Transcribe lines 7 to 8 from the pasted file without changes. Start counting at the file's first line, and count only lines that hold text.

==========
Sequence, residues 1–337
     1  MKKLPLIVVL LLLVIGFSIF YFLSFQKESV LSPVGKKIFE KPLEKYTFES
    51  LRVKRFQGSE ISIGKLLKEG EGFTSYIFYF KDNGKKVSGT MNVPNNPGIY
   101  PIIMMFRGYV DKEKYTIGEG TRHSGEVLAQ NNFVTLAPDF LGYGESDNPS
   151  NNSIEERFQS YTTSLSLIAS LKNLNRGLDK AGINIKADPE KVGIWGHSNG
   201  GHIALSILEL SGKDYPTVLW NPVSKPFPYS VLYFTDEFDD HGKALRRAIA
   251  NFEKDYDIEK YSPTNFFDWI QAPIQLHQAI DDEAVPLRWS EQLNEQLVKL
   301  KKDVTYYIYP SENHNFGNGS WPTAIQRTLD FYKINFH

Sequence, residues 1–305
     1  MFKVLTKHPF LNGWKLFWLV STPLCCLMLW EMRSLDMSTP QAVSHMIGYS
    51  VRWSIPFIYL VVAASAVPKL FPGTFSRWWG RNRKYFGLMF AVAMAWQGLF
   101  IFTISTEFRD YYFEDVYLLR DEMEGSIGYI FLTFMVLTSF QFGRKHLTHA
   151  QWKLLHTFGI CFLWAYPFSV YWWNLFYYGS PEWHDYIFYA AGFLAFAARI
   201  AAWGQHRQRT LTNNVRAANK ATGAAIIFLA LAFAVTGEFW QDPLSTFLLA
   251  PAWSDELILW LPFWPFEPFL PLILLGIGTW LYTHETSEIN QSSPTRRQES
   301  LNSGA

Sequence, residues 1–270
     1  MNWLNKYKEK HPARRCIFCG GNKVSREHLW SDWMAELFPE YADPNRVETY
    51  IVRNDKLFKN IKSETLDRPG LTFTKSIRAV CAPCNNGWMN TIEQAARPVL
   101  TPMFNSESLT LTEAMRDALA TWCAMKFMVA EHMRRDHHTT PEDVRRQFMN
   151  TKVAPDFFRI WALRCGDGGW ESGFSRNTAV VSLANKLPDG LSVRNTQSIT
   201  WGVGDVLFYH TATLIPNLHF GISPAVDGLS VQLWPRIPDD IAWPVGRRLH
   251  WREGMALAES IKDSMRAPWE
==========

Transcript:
   251  NFEKDYDIEK YSPTNFFDWI QAPIQLHQAI DDEAVPLRWS EQLNEQLVKL
   301  KKDVTYYIYP SENHNFGNGS WPTAIQRTLD FYKINFH